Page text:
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Barber, Butterfield blast Trump nomination of N.C. GOP Attorney


Rev. Dr. William Barber Rev. Dr. William Barber
Rev. Dr. William Barber, president of the N.C. NAACP, is alarmed that Pres. Trump is nominating a prominent Republican attorney to the federal bench for the Eastern District who fought to uphold North Carolina’s racial gerrymandered redistricting maps and 2013 voter suppression laws.

According to a federal appellate court last year, those laws targeted African American voters with almost “…surgical precision,” while the U.S. Supreme Court recently ruled the maps to be “unconstitutional.”

Attorney Thomas Farr, best known for representing Republican legislative leaders in court is up for the lifetime seat, and Rev. Barber called that “dangerous.”

“Farr has been the lead attorney on racist voter suppression,” Rev. Barber said in an interview Tuesday. “He’s wasted millions of North Carolinian’s dollars (defending against N.C. NAACP lawsuits).

The civil rights leader vowed to go before the Senate Judiciary Committee to testify against Farr’s confirmation.

Farr is a labor and constitutional law litigator with Ogletree, Deakins, Nash, Smoak and Stewart law firm in Raleigh.

Congressman G. K. Butterfield (D-12-NC) also made it clear in a statement last week that he opposes the Farr nomination.

Congressman G. K. Butterfield (D-12-NC) Congressman G. K. Butterfield (D-12-NC)
“I’m disappointed that President Trump nominated a lawyer who has been at the forefront of defending the North Carolina Republican legislature as it has repeatedly engaged in political gerrymandering of state legislative and congressional district boundaries, and has passed regressive voting laws that had the intended effect of diluting the voting rights of minority groups,” Rep. Butterfield said in a statement.

“The counties in the Eastern District have a substantial African American population (27 percent), but the court does not reflect that diversity. The Court should include African American judges and this appointment simply maintains the status quo in a district with a large population of African American citizens.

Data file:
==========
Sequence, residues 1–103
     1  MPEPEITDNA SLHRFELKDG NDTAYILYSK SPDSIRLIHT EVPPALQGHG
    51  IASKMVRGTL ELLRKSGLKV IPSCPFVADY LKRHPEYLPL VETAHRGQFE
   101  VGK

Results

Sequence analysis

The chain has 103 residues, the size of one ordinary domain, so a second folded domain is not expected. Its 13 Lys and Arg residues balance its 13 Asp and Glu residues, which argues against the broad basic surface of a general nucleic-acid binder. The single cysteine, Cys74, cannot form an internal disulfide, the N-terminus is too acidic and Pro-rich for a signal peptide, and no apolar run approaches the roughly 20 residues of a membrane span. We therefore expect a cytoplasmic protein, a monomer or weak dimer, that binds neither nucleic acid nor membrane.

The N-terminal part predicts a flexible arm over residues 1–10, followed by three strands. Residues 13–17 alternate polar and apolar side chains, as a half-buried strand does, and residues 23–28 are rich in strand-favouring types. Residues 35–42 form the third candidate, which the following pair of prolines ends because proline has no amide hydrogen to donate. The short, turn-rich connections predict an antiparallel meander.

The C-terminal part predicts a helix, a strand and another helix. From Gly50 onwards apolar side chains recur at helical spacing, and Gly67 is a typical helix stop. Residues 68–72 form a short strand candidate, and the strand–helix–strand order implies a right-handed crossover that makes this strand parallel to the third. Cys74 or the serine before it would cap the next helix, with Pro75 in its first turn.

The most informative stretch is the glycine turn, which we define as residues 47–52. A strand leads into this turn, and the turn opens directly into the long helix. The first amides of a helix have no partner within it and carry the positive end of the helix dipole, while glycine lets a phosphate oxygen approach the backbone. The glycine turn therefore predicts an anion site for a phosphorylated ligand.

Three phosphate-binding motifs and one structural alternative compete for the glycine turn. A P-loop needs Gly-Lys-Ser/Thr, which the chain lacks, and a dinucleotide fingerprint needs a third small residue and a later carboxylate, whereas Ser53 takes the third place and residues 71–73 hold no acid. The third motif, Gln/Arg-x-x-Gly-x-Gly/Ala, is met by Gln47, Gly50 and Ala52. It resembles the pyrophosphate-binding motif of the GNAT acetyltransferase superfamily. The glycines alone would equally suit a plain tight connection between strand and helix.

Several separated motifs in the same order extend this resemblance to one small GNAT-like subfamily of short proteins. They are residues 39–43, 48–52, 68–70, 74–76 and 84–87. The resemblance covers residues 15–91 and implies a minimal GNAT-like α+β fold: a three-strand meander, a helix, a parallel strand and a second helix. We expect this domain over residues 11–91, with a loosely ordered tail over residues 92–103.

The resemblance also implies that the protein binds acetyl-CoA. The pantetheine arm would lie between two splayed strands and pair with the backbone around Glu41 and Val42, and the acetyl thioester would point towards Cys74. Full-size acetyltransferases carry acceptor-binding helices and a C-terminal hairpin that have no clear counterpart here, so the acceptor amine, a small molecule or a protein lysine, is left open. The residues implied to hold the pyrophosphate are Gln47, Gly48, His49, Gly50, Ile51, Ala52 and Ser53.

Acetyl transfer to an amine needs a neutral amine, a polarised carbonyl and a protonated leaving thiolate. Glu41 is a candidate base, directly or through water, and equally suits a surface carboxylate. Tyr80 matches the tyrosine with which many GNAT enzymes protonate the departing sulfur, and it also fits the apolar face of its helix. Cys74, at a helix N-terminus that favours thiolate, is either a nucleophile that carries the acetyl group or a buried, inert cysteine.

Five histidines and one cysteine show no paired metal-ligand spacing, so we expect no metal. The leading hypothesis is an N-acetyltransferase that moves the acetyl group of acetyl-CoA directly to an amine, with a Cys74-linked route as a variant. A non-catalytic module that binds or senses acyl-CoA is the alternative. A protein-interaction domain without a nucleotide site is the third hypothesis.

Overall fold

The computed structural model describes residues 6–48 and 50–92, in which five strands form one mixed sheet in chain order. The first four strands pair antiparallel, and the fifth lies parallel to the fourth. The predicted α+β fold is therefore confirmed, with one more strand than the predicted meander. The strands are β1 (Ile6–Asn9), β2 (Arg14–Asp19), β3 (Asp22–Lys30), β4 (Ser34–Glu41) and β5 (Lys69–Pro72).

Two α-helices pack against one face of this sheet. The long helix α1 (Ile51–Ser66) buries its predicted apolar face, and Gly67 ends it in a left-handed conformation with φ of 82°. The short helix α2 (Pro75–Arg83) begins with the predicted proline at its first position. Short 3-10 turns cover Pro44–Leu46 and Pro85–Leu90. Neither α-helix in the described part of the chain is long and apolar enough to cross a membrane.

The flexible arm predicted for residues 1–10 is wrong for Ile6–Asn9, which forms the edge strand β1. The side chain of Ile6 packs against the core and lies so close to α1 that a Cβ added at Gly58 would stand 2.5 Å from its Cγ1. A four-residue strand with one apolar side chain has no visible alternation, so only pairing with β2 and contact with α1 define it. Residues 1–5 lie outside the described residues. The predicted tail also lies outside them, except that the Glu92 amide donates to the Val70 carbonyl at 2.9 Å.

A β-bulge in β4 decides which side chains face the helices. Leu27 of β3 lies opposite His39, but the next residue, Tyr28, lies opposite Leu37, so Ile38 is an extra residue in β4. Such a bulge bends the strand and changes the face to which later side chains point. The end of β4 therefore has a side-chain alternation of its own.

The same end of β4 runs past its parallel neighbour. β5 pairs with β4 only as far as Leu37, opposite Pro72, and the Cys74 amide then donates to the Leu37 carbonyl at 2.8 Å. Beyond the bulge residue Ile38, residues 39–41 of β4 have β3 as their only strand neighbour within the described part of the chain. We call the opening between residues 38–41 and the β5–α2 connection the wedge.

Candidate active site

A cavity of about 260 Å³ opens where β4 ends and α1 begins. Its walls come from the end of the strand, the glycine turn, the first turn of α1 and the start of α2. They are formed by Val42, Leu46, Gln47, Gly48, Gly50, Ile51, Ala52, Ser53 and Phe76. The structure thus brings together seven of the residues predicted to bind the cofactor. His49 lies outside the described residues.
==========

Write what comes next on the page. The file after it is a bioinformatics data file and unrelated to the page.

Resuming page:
“President Obama attempted to integrate this court by nominating two African American females for this position (federal prosecutor Jennifer May-Parker and former N.C. Supreme Court Justice Patricia Timmons-Goodson), but their nominations were blocked by a Republican Senator (Richard Burr).

Butterfield concluded, “I urge the United States Senate to carefully scrutinize the record of Thomas Farr and determine if he can impartially serve as a judge in cases involving voting and civil rights.”

The judicial seat in question has been open for the past eleven years. The Eastern District covers 44 counties in North Carolina, from Raleigh in Wake County, to the coast. The seat has been vacant since 2005 – the longest federal judicial vacancy in the nation.

“There has never been an African American to sit on that court,” Rev. Barber says.” It looks like the civil rights movement never happened.”

Farr has the backing of both Republican U.S. senators Richard Burr and Thom Tillis. Both, who say that Farr is “well qualified,” are expected to push hard for Farr’s confirmation in the U.S. Senate.

Farr has been down this road before, having been nominated by Pres. George W. Bush in 2006 and 2007, but the Senate Judiciary Committee never took up his nomination.

Farr has defended both the Republican-led N.C. legislature’s 2011 redistricting maps, and voter ID restrictions, both later thrown out by the federal courts.

Attorney Irving Joyner, chair of the N.C. NAACP Legal Redress Committee, said of Trump’s nomination of Farr, “A pure simple case of stacking the judicial deck against voting rights and political participation by African Americans and other racial minorities.”

“Stacking” the federal judiciary with Republican judges is just one way critics like Joyner say Pres. Trump is attempting to prepare to win re-election in 2020. Others also see the president’s controversial “Election Integrity Commission” as another attempt to control the voting in 2020 in as many states as possible to his liking.

However, at least 45 states have balked at the commission’s request for personal information about voters registered to vote, fearing that information will be misused by the Trump Administration. A series of complaints and lawsuits have forced the commission to stop its data collection.

Farr is expected to be heading up the legal team representing Republican legislative leaders on Thursday, July 27 when a federal three-judge panel for the U.S. Middle District reconvenes to hear arguments about when legislative voting districts will be redrawn, and when (if possible) special elections could be held this year before November, based on those maps.